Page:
Life on campus: UL was founded in 1972 and now has about 12,000 students. Last month, UL was announced as the Sunday Times University of the Year for 2015, with the judges citing strong research commercialisation, dedication to the student experience and a rising academic performance. The surrounding housing estates are full of students and there's a great social scene both on and off the beautiful campus, which boasts some pretty impressive buildings. But be warned: the university isn't in the city, so getting to and from Limerick can be a bit of a trek.

Strengths: It's always been particularly strong on business, and the suite of programmes is getting better and better. Science is another strength for the university, while the addition of the Irish World Academy of Music and Dance and some fine art collections has seen increased demand for UL's arts courses. With 95 per cent of UL's class of 2013 in employment or further study, the university has the highest graduate employment rate in the country. If you're into sport, UL has some of the best facilities in Ireland. Finally, UL has the largest Erasmus programme of any third-level institition in Ireland, with one in three students spending a semester working or studying overseas.

What's new: UL has just launched a Bachelor of Technology in aircraft maintenance and operations, in partnership with Lufthansa Technik AG subsidiary, Shannon Aerospace. This is the only university degree of its type in Ireland.

Don't miss: Presentations and demonstrations on all UL's courses, stands on each course, campus accommodation tours and general information on admissions, fees, scholarships, access, careers and work experience.

For more information, see


When: The main open day has already taken place, but another one for schools is on April 17th, 2015. Departmental and programme open days will be held throughout the year. Life on campus: University College Cork is one of Ireland's oldest and best-performing universities, with a consistently high score in international rankings. There's a strong community vibe on the campus, which is only a stone's throw from the excitement and vibrancy of Cork city centre – which, in 2010, Lonely Planet named as one of the 10 best cities in the world to visit. There's a great selection of clubs and societies. And UCC has a high graduate employment rate, so you've a good chance of getting a job at the end of it all.

Strengths: It's strong across all major disciplines, but is particularly known for medicine, dentistry, law, arts, and sciences. Within science, it's strong on microbiology and food science, while the Tyndall National Institute has an internationally renowned reputation for high-end information technology, nanotechnology and medical technology, as well as commercialising research.

What's new: A state-of-the art dedicated student hub to support student learning and employability. The college is also introducing several new programmes, including BA degrees in film and screen media, world languages, and digital humanities and IT.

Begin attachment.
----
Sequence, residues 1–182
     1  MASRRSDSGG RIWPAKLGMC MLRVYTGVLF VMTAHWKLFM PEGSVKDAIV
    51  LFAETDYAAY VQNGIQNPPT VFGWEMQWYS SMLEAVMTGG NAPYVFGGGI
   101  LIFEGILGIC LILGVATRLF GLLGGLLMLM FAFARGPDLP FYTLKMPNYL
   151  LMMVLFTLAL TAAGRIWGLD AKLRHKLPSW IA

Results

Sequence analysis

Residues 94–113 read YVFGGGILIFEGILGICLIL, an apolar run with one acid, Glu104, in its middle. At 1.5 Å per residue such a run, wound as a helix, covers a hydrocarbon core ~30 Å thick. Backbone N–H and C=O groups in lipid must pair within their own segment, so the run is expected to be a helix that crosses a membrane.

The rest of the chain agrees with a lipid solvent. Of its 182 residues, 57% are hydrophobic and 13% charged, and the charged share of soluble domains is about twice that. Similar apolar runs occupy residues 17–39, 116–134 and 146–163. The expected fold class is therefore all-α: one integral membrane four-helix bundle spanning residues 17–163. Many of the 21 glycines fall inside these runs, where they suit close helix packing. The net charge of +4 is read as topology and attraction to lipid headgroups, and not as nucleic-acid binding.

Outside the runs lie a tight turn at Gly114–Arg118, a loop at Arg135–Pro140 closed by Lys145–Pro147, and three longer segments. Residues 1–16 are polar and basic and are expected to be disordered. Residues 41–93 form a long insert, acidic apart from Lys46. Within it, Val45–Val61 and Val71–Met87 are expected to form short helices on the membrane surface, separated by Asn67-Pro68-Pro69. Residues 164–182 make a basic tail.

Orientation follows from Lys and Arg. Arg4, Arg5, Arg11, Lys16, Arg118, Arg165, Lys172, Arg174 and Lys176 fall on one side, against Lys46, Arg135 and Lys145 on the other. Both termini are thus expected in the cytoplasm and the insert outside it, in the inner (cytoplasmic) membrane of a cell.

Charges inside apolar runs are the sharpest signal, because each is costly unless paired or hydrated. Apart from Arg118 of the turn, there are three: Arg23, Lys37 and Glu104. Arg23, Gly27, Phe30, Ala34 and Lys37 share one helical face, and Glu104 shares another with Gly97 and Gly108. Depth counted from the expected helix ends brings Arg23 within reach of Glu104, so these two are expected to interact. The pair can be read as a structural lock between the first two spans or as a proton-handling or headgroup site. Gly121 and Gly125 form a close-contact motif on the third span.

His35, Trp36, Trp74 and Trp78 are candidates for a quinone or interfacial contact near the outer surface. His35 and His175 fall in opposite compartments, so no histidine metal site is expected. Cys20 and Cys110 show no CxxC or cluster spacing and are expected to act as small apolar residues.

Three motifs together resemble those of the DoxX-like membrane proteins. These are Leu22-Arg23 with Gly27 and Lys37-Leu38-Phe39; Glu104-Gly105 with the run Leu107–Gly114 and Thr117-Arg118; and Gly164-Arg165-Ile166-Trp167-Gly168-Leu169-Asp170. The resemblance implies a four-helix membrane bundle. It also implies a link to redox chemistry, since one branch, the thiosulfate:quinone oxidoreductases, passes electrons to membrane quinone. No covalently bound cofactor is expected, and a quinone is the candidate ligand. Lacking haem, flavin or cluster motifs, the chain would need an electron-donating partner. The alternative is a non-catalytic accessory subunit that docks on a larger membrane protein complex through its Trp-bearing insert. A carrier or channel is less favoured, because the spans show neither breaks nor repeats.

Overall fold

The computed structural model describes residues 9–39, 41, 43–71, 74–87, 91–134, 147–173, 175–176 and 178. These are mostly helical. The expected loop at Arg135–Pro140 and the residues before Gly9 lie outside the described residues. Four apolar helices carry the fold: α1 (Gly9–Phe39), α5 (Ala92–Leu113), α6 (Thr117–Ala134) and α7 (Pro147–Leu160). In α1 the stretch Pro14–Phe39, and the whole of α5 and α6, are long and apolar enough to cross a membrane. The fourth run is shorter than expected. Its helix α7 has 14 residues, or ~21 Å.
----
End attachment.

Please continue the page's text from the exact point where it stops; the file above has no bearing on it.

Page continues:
Don't miss: Alimentary Adventures, a massive, walk-through, bouncy-castle intestine at the Alimentary Pharmabiotic Centre. More fun and less disgusting than it sounds.

For more information, see


When: December 5th and 6th, 9.30am to 2.30pm Life on campus: Arguably more than any other third-level institution in Ireland, Dublin Institute of Technology is undergoing a radical physical, academic and social transformation. This year, students began moving on to DIT's centralised Grangegorman campus in Dublin 7, although the majority of students are still on its campuses around Dublin.DIT is one of Ireland's largest higher-education institutions, with more than 10 per cent of all students.

Strengths: DIT is the place to go for culinary arts, hospitality, optometry and, increasingly, music. BIMM Dublin focuses on modern commercial music and has some impressive tutors who work in the industry, including Conor Adams of Tvvins and Cast of Cheers, and Cathy Davey. It boasts an impressive success rate for students. It's also particularly strong in construction and surveying, where there's a high demand for workers, as well as marketing and electrical engineering.

What's new: The Grangegorman campus. By 2017, 10,000 students will have moved to the new campus, which already includes an all-weather football pitch, tennis courts, a gym, a space for societies and a students' union. The full range of new facilities is expected to be operational by 2015. There's also a new course in games design for those looking to build a career in Ireland's burgeoning games industry, as well as new options in computer science and languages and international tourism (Chinese). A new Academic Writing Centre will provide a free service to students, helping them improve their academic communication skills.